Mythbusting on Bitcoin Cash #1: Deflationary money is bad

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2 years ago

There are several myths and above all fallacies that are struggling to disappear. In this series of articles, we will analyze five of them, particularly because they are having a particular flare up lately due to the aura of holiness bestowed on them by academia constructivists. The first concerns the alleged deflationary nature of some commodities used as a medium of exchange. Theoretical rigor would require the discussion of how the market environment interfaces with the various forms of money, from the gold standard to the fiat standard, but for practical and time reasons we will focus only on Bitcoin Cash.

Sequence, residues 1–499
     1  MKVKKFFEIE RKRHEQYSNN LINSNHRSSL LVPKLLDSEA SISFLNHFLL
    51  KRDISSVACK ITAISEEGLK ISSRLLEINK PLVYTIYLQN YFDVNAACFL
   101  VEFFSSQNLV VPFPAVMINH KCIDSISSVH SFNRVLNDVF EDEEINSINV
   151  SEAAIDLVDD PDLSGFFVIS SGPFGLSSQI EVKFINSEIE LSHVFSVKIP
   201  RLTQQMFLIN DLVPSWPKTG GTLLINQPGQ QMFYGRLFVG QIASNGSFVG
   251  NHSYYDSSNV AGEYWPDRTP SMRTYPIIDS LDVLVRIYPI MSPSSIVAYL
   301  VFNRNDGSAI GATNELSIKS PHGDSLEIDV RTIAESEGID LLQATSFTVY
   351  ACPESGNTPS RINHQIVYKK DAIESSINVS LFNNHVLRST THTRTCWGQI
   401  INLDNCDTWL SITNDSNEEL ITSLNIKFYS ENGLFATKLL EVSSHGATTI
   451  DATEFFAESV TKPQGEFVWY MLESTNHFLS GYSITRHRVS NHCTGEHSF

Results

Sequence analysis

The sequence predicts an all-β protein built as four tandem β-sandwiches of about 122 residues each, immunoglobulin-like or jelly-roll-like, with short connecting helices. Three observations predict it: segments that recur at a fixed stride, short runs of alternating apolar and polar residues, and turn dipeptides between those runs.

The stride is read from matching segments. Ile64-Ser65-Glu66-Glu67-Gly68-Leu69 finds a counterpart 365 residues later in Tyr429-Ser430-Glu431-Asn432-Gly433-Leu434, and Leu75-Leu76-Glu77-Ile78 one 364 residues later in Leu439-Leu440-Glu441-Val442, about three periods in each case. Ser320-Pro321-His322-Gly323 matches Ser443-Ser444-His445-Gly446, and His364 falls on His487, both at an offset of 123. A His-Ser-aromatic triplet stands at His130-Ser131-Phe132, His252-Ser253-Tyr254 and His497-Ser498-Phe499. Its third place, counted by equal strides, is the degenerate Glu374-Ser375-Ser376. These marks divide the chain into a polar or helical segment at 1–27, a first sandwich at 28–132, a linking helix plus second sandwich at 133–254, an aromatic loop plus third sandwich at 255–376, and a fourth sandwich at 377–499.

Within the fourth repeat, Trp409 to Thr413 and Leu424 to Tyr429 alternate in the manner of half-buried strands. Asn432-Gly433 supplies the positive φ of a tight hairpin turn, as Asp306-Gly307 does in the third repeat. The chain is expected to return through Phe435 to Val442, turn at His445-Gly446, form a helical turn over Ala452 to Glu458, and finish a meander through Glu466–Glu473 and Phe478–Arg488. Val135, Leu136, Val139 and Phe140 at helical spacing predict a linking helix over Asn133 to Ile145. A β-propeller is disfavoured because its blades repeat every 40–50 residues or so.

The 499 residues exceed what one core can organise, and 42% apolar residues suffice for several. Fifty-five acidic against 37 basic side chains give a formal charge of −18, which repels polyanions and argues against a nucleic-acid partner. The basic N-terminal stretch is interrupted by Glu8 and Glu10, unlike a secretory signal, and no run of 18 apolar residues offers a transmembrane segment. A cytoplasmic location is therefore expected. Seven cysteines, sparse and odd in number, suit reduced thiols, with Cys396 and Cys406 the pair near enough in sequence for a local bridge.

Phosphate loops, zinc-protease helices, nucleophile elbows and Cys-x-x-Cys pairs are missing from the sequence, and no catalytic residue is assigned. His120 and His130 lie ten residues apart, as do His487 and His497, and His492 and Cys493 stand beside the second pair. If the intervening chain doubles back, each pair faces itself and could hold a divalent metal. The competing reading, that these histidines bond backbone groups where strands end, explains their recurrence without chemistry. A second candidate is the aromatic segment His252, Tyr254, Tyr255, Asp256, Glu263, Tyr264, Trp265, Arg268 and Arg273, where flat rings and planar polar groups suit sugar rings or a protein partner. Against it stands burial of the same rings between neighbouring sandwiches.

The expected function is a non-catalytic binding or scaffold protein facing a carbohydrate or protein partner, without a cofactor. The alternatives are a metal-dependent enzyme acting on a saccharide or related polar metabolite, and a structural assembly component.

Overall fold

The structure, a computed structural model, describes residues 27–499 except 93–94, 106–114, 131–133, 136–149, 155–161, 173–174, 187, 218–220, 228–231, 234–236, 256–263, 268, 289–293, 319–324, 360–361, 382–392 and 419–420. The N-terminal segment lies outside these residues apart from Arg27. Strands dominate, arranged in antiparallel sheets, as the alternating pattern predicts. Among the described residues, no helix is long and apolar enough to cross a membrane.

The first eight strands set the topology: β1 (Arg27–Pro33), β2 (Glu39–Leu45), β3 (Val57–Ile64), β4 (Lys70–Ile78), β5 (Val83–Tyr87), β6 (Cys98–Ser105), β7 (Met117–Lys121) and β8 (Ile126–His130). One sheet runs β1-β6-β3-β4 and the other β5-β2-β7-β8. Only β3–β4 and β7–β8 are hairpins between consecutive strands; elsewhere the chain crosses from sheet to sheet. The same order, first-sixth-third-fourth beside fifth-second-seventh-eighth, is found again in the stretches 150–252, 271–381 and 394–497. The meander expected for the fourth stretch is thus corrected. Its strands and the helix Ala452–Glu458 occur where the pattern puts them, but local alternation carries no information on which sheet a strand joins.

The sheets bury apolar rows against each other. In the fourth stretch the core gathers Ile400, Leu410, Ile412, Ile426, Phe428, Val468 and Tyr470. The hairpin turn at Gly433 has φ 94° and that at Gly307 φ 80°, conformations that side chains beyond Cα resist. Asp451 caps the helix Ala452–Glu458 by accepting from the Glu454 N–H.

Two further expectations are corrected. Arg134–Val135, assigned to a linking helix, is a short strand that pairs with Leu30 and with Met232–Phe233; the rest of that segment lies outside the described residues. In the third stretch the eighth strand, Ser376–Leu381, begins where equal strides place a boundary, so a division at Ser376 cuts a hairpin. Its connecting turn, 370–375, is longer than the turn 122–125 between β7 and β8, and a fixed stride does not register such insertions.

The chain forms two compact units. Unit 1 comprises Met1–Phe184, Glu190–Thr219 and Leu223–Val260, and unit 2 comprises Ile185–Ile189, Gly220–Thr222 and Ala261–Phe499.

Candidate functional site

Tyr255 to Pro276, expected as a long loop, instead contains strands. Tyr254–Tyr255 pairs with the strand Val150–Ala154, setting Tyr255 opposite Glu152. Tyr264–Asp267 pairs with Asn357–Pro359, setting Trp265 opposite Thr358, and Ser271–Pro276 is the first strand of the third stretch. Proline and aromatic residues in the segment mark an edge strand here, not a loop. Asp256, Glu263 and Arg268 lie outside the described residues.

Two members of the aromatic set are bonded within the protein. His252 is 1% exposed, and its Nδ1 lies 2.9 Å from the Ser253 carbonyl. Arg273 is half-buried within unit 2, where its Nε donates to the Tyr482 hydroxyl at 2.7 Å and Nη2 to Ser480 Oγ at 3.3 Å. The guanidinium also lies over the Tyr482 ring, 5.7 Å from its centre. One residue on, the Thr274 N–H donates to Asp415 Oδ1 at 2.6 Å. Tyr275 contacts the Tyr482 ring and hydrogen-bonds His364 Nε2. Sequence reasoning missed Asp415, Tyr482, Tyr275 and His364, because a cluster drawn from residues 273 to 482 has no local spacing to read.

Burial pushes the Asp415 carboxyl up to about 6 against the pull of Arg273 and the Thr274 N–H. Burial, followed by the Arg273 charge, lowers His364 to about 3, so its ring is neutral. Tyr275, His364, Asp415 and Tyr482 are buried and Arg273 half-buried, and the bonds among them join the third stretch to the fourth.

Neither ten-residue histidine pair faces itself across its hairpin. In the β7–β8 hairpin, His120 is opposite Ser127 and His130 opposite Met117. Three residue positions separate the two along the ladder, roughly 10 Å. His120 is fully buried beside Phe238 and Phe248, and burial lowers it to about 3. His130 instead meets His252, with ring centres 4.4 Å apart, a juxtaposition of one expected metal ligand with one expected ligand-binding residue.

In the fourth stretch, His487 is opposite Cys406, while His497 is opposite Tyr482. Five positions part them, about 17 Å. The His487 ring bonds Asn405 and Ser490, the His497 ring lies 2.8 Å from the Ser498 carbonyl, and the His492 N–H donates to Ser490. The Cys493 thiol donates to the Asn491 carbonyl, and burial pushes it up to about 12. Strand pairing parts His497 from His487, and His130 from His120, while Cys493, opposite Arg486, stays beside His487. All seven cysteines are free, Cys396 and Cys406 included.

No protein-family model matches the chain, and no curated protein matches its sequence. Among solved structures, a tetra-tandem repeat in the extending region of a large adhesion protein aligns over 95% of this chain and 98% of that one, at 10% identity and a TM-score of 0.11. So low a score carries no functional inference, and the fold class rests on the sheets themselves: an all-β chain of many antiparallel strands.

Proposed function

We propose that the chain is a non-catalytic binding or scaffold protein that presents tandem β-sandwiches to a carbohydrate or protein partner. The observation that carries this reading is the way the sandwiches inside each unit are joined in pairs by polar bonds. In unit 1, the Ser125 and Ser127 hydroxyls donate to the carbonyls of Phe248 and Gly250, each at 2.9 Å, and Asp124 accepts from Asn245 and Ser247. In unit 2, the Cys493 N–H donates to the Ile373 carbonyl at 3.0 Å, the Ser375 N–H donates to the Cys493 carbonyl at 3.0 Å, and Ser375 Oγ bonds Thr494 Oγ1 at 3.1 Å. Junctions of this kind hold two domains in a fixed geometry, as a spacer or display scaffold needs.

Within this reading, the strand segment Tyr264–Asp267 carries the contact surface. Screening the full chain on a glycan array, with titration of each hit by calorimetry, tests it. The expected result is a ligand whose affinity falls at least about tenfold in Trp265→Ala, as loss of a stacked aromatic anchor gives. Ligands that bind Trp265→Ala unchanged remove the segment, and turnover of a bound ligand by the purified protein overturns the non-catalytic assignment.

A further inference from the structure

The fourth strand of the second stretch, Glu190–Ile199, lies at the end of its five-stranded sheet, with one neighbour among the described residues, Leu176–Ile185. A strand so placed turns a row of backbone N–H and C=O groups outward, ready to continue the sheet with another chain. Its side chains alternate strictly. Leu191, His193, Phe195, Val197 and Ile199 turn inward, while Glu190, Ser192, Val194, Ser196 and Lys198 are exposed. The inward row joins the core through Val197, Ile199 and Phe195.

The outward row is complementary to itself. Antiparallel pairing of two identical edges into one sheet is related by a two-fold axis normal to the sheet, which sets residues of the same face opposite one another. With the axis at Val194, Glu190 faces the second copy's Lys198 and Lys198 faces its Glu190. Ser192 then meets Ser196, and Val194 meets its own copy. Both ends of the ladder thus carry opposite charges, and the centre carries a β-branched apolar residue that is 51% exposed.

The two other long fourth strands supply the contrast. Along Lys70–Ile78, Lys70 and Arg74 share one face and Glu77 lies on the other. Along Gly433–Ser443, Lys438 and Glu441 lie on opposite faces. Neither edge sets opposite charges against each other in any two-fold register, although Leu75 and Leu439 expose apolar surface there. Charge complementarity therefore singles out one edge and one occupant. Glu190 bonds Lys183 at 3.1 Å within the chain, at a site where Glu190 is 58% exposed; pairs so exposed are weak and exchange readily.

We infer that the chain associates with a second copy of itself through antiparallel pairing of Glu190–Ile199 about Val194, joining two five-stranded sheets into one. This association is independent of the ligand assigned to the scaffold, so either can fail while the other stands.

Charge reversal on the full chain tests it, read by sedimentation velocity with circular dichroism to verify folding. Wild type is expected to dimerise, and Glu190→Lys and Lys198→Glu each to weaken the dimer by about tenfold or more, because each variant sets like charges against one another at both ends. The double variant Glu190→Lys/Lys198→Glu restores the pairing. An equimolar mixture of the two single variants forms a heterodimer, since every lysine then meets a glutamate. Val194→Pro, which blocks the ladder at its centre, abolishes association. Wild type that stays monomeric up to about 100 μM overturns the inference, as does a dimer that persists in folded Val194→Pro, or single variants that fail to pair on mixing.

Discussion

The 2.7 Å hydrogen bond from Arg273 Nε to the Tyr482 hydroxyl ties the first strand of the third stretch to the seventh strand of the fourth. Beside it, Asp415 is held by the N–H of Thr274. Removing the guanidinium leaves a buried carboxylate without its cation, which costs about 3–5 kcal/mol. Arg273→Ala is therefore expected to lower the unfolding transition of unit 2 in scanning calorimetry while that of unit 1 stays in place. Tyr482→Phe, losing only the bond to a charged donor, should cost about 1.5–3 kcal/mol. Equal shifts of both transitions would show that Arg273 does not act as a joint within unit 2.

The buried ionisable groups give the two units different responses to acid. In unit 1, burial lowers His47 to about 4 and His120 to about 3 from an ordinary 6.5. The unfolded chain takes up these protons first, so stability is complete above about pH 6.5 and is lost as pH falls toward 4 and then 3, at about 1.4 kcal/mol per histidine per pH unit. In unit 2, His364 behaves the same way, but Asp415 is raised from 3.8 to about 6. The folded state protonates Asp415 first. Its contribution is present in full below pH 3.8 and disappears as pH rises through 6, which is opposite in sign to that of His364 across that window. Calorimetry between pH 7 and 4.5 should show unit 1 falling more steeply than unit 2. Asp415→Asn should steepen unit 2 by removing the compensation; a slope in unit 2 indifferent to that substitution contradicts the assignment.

Let's begin by saying that money is the most traded commodity and the cryptocurrency invented by Satoshi is walking this path, day after day. There is no one, anywhere in the world, with a seal in his hand waiting bored in a dark room for the moment when he can decree to the world that Bitcoin Cash has finally become money. It's a self-determining process. Taking note of this is not only synonymous with humility, but above all respect for a science that studies market phenomena and doesn't want to control them. In fact, in this case the question should not be what is money, albeit legitimate, but how did it become such. When the market players ask themselves this question, it means that the commodity in question is becoming more traded than others, so it can aspire to the role of general means of exchange. The current confusion arises from the fact that there is a monopoly on a particular form of money, so individuals (a good portion of them) have been accustomed to considering something as money only if imputed by an authority.